Apple Silicon is sad

(Image credit: Apple)

Researchers have discovered a massive security vulnerability inside Apple M1, M2, and M3 silicon. The vulnerability, dubbed ‘GoFetch,’ steals cryptographic information from the CPU cache enabling an attacking program to build a cryptographic key from stolen data, allowing the application to access sensitive encrypted data. Ars Technica first reported on the security flaw. 

GoFetch takes advantage of an overlooked security exploit in Apple silicon surrounding its state-of-the-art data memory-dependent prefetcher (DMP). A next-generation prefetcher only found in Apple silicon and Intel’s Raptor Lake CPU architectures that loads memory contents into cache before they are needed. The vulnerability surrounds an overlooked behavior in the prefetcher where it will load key material into the CPU cache featuring a pointer value that is used to load other data. DMP will sometimes confuse memory content and load inappropriate data into the CPU cache.

The problem with this vulnerability is that it completely neutralizes the security effects of constant-time programming, which is a side-channel mitigation encryption algorithm used to defeat prefetcher-related side-channel/CPU cache-related attacks. As a result, applications utilizing GoFetch can trick encryption software into putting sensitive data into the cache for the attacking application to steal.

This is a serious vulnerability that affects all kinds of encryption algorithms, including 2,048-bit keys that are hardened to fend off attacks from quantum computers. Unfortunately, there is no way to patch the vulnerability in silicon. The only way forward is software-based mitigations that will slow down M1, M2, and M3’s encryption and decryption performance. Technically, developers can force their encryption software to run only on the E-cores, which do not have this prefetcher, however, this comes at an obvious performance cost too.

The only exception is Apple’s M3 silicon which purportedly features a special “switch” that developers can turn on to disable the chip’s data memory-dependent prefetcher. However, nobody knows yet how much performance will be lost if this special optimization is turned off. For all we know, it could hinder performance just as much as software mitigation.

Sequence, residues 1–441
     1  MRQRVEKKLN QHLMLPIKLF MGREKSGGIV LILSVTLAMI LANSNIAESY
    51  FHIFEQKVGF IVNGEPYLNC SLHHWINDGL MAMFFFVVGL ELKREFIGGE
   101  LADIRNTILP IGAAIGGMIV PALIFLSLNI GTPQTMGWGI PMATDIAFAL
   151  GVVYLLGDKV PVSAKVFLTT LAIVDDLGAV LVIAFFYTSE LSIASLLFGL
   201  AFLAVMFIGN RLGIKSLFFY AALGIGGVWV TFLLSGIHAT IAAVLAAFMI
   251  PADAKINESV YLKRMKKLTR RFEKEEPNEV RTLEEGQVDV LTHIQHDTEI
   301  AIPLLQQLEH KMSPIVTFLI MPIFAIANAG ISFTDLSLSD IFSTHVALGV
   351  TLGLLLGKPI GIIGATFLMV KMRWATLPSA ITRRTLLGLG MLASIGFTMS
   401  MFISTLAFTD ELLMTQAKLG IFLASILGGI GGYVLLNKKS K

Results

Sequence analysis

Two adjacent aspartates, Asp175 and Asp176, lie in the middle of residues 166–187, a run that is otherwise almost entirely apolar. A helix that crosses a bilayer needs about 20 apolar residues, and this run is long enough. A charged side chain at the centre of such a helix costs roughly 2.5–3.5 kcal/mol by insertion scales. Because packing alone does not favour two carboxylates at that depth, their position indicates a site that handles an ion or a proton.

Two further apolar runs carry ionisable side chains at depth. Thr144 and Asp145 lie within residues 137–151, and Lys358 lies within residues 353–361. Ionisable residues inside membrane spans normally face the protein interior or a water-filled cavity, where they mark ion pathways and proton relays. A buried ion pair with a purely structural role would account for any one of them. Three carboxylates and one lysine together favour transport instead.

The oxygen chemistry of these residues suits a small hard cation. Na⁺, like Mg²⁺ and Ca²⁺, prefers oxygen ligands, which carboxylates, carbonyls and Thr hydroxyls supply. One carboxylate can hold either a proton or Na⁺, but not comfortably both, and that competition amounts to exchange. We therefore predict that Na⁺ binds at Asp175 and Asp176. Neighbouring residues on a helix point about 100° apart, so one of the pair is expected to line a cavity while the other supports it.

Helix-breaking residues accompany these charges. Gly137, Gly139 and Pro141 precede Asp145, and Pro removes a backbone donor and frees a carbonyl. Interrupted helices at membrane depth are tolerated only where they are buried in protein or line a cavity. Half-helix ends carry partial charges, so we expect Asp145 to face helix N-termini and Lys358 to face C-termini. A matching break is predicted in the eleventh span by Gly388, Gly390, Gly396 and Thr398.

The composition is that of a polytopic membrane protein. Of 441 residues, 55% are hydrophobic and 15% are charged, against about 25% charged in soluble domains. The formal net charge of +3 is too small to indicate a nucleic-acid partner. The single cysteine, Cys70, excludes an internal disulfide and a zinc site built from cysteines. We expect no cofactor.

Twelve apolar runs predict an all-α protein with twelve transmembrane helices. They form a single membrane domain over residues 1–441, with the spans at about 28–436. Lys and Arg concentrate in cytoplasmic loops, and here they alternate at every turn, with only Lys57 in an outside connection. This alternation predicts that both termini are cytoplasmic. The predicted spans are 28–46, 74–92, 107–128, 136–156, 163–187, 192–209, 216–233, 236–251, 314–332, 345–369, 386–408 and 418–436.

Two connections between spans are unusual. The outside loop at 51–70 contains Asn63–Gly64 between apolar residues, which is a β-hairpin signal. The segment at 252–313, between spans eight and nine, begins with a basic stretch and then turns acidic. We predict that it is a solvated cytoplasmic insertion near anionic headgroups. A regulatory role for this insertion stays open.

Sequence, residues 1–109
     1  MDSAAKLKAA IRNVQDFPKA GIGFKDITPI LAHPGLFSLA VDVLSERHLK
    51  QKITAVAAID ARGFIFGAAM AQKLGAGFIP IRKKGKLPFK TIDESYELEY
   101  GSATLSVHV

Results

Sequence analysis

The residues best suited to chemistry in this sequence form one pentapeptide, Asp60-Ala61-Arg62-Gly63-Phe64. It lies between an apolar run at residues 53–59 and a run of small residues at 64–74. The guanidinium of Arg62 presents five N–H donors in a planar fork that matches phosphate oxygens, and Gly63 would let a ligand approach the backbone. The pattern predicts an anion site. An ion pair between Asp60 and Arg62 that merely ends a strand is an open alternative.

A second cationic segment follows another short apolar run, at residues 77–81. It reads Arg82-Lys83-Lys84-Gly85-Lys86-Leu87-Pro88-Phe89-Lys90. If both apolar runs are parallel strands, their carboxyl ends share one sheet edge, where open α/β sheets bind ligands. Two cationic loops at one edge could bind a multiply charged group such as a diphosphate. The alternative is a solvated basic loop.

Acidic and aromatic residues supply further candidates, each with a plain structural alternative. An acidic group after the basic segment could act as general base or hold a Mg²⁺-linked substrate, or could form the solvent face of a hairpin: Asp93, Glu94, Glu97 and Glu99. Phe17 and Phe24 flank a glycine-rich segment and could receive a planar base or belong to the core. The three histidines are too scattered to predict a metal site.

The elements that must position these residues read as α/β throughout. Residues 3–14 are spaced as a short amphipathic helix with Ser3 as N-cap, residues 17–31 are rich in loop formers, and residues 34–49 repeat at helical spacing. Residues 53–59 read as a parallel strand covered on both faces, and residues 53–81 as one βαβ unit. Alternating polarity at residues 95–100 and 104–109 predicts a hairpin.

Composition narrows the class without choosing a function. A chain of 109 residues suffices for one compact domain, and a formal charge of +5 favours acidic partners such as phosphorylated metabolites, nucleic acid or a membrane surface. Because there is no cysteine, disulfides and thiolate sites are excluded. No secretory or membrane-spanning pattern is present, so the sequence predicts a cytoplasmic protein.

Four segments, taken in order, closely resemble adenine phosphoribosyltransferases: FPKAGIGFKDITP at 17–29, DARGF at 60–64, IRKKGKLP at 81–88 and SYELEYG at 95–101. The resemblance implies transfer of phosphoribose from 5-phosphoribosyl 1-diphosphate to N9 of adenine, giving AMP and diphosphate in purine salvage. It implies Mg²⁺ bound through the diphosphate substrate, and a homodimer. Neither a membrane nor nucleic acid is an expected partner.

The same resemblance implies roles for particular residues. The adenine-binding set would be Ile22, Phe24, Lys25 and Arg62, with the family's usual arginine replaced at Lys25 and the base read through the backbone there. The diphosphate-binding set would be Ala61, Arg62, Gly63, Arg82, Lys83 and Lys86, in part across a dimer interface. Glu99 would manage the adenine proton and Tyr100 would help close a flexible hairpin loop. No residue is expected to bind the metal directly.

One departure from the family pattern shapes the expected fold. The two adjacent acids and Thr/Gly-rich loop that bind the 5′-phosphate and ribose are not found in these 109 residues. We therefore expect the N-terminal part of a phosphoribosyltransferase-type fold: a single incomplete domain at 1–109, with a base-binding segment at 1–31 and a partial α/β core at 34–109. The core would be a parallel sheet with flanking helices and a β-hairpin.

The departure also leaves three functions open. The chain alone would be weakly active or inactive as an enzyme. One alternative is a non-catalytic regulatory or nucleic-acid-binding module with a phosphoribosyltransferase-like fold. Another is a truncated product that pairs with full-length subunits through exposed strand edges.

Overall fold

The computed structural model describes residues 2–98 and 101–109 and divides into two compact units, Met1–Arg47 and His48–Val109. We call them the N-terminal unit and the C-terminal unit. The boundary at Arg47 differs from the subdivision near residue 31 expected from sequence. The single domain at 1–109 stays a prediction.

The interesting tidbit is that Intel’s Raptor Lake CPU architecture (which includes both 13th and 14th Gen CPUs) doesn’t have this vulnerability despite sharing the same prefetcher as Apple’s M series chips. We don’t know why this is the case, but it demonstrates that this vulnerability can be patched in silicon. However, this will only occur in future Apple M series architectures (i.e. M4) when Apple’s engineers have time to re-design its CPU architecture to account for the recently discovered vulnerabilities.

Apple has yet to publish any release dates for an official fix, but due to the vulnerability this issue poses, we suspect a fix will arrive within the year.

The researchers that published the information hail from the University of Illinois Urbana-Champagne; University of Texas at Austin; Georgia Insitute of Technology; University of California, Berkeley; University of Washington; and Carnegie Mellon University.

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Aaron Klotz is a freelance writer for Tom’s Hardware US, covering news topics related to computer hardware such as CPUs, and graphics cards.

[ For more curated Apple news, check out the main news page here]

The post New chip flaw hits Apple Silicon and steals cryptographic keys from system cache — ‘GoFetch’ vulnerability attacks Apple M1, M2, M3 processors, can’t be fixed in hardware | Tom’s Hardware first appeared on

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